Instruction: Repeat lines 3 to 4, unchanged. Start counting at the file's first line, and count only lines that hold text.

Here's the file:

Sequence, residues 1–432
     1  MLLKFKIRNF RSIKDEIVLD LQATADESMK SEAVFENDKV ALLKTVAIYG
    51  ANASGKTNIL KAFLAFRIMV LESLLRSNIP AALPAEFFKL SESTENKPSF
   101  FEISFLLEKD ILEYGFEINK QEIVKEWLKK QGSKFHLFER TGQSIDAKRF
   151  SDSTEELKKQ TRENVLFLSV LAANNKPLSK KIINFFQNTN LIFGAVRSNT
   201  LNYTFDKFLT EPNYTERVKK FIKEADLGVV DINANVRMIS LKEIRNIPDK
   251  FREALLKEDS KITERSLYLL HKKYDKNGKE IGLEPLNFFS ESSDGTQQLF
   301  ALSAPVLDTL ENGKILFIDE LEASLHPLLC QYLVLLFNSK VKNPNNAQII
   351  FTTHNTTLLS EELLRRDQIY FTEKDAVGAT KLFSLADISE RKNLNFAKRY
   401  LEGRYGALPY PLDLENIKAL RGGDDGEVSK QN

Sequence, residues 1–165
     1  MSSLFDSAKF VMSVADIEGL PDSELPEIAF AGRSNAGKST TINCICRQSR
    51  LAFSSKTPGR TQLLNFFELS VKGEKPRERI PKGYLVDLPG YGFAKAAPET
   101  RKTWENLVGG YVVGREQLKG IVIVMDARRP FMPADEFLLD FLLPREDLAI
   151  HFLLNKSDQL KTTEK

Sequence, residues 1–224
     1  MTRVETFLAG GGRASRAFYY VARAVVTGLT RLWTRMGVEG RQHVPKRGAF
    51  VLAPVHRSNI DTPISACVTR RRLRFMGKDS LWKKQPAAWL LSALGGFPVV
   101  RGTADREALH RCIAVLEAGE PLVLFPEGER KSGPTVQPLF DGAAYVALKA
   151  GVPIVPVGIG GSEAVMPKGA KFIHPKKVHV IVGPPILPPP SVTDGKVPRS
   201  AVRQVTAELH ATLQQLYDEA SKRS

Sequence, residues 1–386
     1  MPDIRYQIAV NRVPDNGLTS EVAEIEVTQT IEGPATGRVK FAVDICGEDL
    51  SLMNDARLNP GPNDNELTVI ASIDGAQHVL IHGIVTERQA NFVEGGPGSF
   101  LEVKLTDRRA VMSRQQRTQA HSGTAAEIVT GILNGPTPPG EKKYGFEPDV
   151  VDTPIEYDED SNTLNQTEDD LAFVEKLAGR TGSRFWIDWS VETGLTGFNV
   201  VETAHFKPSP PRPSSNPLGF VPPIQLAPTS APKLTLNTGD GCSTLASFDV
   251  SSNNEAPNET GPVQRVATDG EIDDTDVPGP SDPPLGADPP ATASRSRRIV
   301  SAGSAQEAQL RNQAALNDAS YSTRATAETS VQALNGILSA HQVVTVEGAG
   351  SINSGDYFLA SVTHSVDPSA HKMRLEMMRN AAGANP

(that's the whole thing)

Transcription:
    51  ANASGKTNIL KAFLAFRIMV LESLLRSNIP AALPAEFFKL SESTENKPSF
   101  FEISFLLEKD ILEYGFEINK QEIVKEWLKK QGSKFHLFER TGQSIDAKRF